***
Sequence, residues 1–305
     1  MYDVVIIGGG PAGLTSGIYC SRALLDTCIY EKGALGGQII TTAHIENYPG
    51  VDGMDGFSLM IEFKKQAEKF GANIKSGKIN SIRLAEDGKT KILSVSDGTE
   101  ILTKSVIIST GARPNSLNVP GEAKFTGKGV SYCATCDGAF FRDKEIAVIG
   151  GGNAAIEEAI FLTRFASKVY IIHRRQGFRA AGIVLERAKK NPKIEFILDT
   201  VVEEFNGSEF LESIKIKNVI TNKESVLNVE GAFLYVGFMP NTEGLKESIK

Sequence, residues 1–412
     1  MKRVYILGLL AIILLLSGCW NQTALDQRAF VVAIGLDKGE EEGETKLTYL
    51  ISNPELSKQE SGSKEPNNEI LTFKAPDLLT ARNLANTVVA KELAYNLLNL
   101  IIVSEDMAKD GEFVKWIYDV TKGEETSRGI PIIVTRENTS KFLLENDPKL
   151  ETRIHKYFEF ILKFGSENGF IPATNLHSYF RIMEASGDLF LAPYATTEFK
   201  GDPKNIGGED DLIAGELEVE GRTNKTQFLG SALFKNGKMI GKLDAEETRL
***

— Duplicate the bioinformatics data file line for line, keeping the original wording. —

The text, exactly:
Sequence, residues 1–305
     1  MYDVVIIGGG PAGLTSGIYC SRALLDTCIY EKGALGGQII TTAHIENYPG
    51  VDGMDGFSLM IEFKKQAEKF GANIKSGKIN SIRLAEDGKT KILSVSDGTE
   101  ILTKSVIIST GARPNSLNVP GEAKFTGKGV SYCATCDGAF FRDKEIAVIG
   151  GGNAAIEEAI FLTRFASKVY IIHRRQGFRA AGIVLERAKK NPKIEFILDT
   201  VVEEFNGSEF LESIKIKNVI TNKESVLNVE GAFLYVGFMP NTEGLKESIK

Sequence, residues 1–412
     1  MKRVYILGLL AIILLLSGCW NQTALDQRAF VVAIGLDKGE EEGETKLTYL
    51  ISNPELSKQE SGSKEPNNEI LTFKAPDLLT ARNLANTVVA KELAYNLLNL
   101  IIVSEDMAKD GEFVKWIYDV TKGEETSRGI PIIVTRENTS KFLLENDPKL
   151  ETRIHKYFEF ILKFGSENGF IPATNLHSYF RIMEASGDLF LAPYATTEFK
   201  GDPKNIGGED DLIAGELEVE GRTNKTQFLG SALFKNGKMI GKLDAEETRL